100 years on, still wild about TarzanBy Neely Tucker
The Washington Post October 26. 2012 7:02PM
' 'Tarzan and Jane!' just blurted out of my mouth,' she says, laughing at how forcefully the idea seized her.
And so, 100 years after the Lord of the Apes first swung into the world's pop culture window, there is 'Jane: The Woman Who Loved Tarzan,' a lush, romantic take on the English lord raised by primates - told from Jane's point of view.
'We're calling it '50 Shades of Green,' ' Maxwell says.
This is just one leaf on the vine, however. A century after his birth, Tarzan is affixed as one of literature's most enduring creations. Edgar Rice Burroughs' archetype of primordial man in an atavistic jungle, more trusting of nature than mankind, struck a chord that still resonates. He is free of religion, politics, nationality and any of the oppressive rules, regulations, oversights, traffic cameras, parking tickets and other indignities imposed on modern man.
'Tarzan of the Apes,' an 80,000-word adventure about an orphaned boy in the jungle, was a wild sensation when it debuted in the October 1912 edition of The All-Story Magazine. Published in book form in 1914, it spawned a series of 24 novels (and two for teens), selling an estimated 100 million copies in at least 35 languages. It is recognized by the Library of Congress as one of the 'Books That Shaped America.' It has been turned into 52 authorized films, a radio show, a comic strip, a Broadway musical, merchandising without end, and even Tarzana, a city in California centered around Burroughs's property.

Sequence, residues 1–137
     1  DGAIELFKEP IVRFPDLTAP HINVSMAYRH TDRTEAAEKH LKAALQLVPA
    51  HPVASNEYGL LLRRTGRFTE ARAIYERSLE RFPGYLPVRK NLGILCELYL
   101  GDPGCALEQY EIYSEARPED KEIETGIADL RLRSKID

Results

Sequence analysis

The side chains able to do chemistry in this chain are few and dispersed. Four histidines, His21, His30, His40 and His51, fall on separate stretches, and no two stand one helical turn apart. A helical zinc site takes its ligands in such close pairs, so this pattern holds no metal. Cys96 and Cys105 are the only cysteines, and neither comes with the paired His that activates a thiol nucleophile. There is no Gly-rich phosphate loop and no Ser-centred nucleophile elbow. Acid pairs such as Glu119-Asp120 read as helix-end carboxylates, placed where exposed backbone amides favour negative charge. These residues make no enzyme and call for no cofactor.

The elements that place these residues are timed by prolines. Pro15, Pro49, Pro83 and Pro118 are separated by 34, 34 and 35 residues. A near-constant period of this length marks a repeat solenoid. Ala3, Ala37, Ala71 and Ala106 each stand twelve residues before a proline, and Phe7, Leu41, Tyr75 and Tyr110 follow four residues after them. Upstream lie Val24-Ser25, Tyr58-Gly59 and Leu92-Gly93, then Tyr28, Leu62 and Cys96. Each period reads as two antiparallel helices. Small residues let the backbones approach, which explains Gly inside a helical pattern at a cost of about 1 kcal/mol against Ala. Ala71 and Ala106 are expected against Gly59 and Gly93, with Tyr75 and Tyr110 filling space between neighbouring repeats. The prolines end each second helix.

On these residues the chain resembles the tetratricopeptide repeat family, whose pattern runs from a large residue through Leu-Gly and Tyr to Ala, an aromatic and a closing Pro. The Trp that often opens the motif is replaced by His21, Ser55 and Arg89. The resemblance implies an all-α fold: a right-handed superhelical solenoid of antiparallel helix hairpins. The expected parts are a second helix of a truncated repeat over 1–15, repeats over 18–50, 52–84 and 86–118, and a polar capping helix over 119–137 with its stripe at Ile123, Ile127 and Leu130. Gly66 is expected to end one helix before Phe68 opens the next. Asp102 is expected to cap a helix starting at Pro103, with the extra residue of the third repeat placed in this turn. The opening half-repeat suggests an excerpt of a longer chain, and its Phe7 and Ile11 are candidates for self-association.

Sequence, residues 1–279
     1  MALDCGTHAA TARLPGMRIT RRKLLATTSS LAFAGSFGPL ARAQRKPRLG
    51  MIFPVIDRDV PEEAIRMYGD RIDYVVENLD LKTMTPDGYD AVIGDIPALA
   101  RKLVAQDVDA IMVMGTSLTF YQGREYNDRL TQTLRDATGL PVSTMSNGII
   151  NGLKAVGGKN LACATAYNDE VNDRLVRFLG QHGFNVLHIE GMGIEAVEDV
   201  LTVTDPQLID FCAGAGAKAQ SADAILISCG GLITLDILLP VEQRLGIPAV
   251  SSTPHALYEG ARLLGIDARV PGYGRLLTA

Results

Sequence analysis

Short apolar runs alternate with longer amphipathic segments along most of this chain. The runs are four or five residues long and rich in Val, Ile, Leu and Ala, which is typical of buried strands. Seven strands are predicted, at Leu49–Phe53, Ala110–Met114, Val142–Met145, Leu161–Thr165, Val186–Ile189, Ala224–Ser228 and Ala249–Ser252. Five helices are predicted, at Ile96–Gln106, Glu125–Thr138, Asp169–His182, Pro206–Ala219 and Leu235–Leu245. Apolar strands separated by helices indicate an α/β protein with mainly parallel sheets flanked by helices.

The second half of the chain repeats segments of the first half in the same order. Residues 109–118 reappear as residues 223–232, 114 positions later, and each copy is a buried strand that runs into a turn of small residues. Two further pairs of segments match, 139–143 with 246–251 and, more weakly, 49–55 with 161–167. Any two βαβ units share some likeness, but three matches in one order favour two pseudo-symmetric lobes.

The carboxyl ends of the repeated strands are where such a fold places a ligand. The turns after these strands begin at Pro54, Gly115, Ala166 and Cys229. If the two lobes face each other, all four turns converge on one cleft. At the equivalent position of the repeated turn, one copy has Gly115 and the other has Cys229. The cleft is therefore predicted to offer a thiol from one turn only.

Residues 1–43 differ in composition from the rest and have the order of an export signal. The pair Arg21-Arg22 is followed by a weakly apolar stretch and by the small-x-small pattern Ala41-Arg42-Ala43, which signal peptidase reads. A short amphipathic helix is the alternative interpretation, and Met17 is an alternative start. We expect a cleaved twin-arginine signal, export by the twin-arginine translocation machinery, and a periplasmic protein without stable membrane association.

Globally, there are new editions of Burroughs novels ('The Return of Tarzan,' 'The Beasts of Tarzan,' 'The Son of Tarzan,' etc.) coming out in at least a dozen countries. This isn't new. Post-Czarist Russia printed so many pirated copies that a Moscow publisher told the New York Times in 1924: 'They read it in offices, read it in street cars, read it in trains, read it in factories. Go to the villages and you find the educated young soldier reading 'Tarzan' to a circle of peasants with mouths agape.' Gore Vidal, in 1963, on the prevalence of Tarzan in this country: 'There is hardly an American male of my generation who has not at one time or another tried to master the victory cry of the great ape as it issued from the androgynous chest of Johnny Weissmuller.'
Take your pick of what the ape man represents: Unfettered freedom? Domain over one's environment? Raw male sexuality? The original Warrior in a State of Nature
As Maxwell put it in a recent essay, Tarzan never dies.
'I would say it's because he's selfless,' says Jim Sullos, president of Edgar Rice Burroughs Inc., the family-run business that manages the late author's estate, when asked to explain the enduring appeal. 'Tarzan is not greedy. He doesn't want anything from anybody, he doesn't need anything from anybody. He's not trying to be in charge, but people want him to be. He lives without rules or restrictions but does so in an honorable way … . He represents a freedom we just don't have anymore.'